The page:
• If you are set on purchasing one on your own, do your homework. It is best to call the manufacturer directly to eliminate the possibility of getting one that isn’t appropriate for you or one that may have been used and refurbished. This is not to say that there aren’t companies out there that have a variety to choose from, provide decent service and sell both new and used, but if you want to be sure, buy directly from those making the concentrator or your DME company.
  • Come to our “Breathing In The ‘Burgh” boat ride on the Gateway Clipper on Friday, June 15. Our keynote speaker will be talking about this topic and can answer your questions to prevent you from making a purchase that does not suit your needs. Call 724-772-1750 or register online.

To Itemize or Not to Itemize: Deducting Medical Expenses on Your Tax Returns

With another tax season behind us, it’s not a bad idea to think about how you’re going to handle medical expenses on next year’s returns. The federal tax law has a 7.5% threshold for medical expenses for taxes filed in 2018 and 2019 (for 2017 and 2018 tax years). This means that you can deduct medical expenses that are higher than 7.5% of your adjusted gross income (AGI). For example, if your income is $30,000—7.5% of your income is $2,250. If your medical expenses add up to $4,000, you can then claim $1,750 ($4,000 – $2,250) on your tax return for medical expenses.

Keep in mind that it will only make sense to itemize your deductions if the total of the deductions is more than what you’d get by filing with the “standard” deduction. Taking the standard deduction is much easier so if there is only a slight difference between the two totals, the standard would be the way to go.

Starting with the 2019 tax year, the standard deduction is going to go way up, almost double what it is now. If you’ve spent a large amount on medical bills over the last year, this would be a good time to look at the numbers. This deduction is particularly important to Medicare beneficiaries who spend on average $5,680 each year on health expenses that Medicare does not cover, says the AARP.

For a complete list of medical expenses you can deduct, go to and see IRS Publication 502. Here is a short list of some expenses that are included aside from the typical such as physician, dental and X-rays:

  • Inpatient hospital care or residential nursing home care
  • Acupuncture or inpatient alcohol or drug addiction centers
  • Weight-loss program for a specific disease
  • Insulin and drugs that require a prescription
  • Admission and transportation to a medical conference relating to a chronic disease that you, your spouse or dependents have if necessary for medical care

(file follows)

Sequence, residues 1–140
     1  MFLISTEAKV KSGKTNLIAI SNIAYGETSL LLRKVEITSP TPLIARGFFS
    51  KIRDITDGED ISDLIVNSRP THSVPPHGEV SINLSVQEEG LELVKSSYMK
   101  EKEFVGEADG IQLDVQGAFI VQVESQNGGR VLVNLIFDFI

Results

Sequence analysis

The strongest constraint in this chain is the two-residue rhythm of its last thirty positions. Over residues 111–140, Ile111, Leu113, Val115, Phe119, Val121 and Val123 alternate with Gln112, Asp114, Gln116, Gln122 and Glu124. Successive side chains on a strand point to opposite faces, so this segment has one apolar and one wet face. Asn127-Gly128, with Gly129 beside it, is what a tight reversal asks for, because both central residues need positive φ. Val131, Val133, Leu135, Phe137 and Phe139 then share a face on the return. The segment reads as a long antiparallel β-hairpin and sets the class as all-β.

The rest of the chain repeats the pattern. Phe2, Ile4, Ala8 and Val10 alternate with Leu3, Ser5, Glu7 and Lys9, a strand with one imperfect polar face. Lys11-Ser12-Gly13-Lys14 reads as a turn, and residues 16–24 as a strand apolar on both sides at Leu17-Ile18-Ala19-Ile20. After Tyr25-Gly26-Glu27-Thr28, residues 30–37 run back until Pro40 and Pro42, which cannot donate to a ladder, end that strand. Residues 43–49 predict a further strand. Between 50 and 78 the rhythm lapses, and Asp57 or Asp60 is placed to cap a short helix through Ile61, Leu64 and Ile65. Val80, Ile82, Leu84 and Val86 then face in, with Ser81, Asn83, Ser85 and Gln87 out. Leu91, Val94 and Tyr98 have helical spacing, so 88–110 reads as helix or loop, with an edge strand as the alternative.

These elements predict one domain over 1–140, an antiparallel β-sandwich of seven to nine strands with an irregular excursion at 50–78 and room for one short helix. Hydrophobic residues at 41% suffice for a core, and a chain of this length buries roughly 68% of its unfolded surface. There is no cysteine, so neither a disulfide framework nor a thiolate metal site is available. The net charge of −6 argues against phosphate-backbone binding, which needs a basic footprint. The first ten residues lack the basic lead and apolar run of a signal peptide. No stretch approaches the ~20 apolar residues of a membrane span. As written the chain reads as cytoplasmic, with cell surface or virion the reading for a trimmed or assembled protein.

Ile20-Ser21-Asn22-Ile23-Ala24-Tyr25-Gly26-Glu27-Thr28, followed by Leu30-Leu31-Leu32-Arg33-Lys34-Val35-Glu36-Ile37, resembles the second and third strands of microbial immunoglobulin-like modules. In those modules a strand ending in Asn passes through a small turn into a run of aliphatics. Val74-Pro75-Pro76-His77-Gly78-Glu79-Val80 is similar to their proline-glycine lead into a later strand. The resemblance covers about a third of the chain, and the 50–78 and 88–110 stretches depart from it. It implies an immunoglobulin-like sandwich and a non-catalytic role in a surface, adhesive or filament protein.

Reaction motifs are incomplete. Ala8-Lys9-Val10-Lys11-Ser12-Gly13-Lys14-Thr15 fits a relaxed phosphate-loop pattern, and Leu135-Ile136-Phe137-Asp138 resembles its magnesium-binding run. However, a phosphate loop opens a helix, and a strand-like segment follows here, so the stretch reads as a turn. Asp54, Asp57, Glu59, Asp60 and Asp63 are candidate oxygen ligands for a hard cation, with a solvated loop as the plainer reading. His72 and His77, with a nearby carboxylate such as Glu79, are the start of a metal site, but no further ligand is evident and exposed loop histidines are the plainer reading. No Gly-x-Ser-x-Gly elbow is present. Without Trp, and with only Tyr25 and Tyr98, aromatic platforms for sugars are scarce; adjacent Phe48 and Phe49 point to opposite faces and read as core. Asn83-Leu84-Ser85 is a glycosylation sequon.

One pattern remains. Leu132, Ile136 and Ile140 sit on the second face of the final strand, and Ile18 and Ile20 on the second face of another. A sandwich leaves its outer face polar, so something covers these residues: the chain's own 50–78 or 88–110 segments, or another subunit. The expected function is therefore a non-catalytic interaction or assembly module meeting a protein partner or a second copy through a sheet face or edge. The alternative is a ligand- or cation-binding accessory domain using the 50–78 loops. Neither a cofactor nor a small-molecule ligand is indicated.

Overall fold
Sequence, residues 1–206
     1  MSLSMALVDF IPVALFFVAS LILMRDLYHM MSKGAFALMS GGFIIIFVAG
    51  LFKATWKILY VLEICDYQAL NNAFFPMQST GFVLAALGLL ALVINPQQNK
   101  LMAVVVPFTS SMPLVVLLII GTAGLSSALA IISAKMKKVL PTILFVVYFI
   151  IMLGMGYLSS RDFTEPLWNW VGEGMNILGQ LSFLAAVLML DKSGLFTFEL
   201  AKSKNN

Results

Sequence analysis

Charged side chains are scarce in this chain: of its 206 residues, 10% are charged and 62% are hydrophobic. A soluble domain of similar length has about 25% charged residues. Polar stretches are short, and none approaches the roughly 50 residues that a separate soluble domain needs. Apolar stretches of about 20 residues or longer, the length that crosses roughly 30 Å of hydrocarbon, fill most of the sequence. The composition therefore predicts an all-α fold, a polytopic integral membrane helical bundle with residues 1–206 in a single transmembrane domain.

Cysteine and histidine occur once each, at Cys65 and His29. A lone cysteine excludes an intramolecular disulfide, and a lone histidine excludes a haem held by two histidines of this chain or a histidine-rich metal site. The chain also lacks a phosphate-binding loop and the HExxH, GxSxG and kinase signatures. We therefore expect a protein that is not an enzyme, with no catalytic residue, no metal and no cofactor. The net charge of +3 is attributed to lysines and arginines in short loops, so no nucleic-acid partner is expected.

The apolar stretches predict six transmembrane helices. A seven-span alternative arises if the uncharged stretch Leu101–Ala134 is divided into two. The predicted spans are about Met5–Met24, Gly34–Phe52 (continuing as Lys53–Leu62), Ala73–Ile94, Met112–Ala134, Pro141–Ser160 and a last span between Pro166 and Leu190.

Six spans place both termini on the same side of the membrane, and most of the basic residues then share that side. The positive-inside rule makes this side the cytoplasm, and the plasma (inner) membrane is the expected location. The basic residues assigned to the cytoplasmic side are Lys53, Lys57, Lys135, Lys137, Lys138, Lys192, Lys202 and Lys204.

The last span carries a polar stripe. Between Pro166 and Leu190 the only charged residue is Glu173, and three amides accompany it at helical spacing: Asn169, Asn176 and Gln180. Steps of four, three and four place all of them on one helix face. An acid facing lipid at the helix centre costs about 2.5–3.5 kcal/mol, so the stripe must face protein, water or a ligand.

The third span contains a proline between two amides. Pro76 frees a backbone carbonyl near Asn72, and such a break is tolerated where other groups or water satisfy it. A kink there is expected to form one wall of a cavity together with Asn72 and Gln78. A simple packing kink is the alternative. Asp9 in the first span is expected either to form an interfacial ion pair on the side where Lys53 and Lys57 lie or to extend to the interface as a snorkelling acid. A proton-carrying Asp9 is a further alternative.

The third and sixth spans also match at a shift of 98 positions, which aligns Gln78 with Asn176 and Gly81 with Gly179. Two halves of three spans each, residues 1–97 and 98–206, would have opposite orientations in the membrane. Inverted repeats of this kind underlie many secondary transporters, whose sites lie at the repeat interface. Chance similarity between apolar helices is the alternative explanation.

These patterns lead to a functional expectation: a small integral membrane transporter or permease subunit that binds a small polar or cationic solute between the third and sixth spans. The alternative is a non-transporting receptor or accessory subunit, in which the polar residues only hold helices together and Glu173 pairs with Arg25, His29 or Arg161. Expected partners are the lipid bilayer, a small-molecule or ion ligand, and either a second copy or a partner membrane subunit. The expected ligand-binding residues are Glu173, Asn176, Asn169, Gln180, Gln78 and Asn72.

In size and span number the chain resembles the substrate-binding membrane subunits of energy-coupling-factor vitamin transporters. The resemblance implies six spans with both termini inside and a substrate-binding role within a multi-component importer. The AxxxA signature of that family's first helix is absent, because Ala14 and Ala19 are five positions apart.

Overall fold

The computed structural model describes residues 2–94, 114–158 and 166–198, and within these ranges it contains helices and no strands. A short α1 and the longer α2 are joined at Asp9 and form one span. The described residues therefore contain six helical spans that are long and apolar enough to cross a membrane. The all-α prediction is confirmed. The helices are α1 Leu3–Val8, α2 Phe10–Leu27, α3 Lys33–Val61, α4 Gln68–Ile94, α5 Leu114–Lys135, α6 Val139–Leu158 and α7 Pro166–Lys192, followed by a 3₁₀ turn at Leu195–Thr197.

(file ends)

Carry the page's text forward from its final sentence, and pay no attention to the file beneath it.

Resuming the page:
• False teeth, reading or prescription glasses, hearing aids, crutches, wheelchairs
  • A guide dog or other service animal to assist a visually impaired or hearing impaired person
  • Electricity costs for using an oxygen concentrator (you will need a formula for this calculation)

There are many more deductions available and you will need to check for specifics, but this should at least get you thinking whether itemizing might be for you. Good luck!

Ref: The Pulmonary Paper, January/February 2018 Vol. 29, No.1
The COPD Store

Exercising With Asthma

Exercise benefits our bodies by controlling weight, it helps us to fight certain health conditions and diseases, and it improves our energy and mood.  But when you have asthma, exercise may seem impossible because while exercise is very beneficial to us, asthma that is out of control will make it more difficult to workout.  It is very important to work with your doctor to control your asthma before you decide to begin an exercise regimen.

With asthma, my choice of exercise is running.  I know when and how fast I can run, and when I need to pre-medicate.  I do more of my road work in the fall and spring, while spending my hot summer days and cold winter days in a controlled inside environment on a treadmill.

Asthma does not have to keep you out of the game, though.  There are exercises that are best if you have controlled asthma that will benefit you.  It is very important to offer your body a 5-10-minute warm-up and cool down, no matter what form of exercise you choose.

Some of the following exercises could work for you:

  1. Walking- studies have shown that 30-60 minutes of walking at a moderate pace is one of the best cardio exercises we can do, with or without asthma. Walking 3 times a week for 12 weeks can help better control asthma and increase your exercise abilities.
  2. Yoga- while offering you core strengthening, yoga is great for asthma because it teaches the individual controlled breathing. One study focused on people, who after doing yoga 2.5 hours a week for 10 weeks, were able to decrease their asthma medication.
  3. Swimming- Allergists have said that swimming is ideal for people with asthma because you’re breathing in air that is highly humidified and often warm, and staying horizontal can sometimes help loosen mucus in the lower parts of the lungs. Don’t think you have to swim laps either—just moving around in the pool can be beneficial. However, note that chlorine used in pools can trigger asthma, so use precaution at pools with a strong chlorine smell.

In addition to these exercises, also suggests baseball, softball, volleyball, and football as good sports for asthma because of the quick bursts of play coupled with rest.

Whether you pick swimming, football or walking, working out with asthma is very important for the health of your body. So, let’s get up and get moving!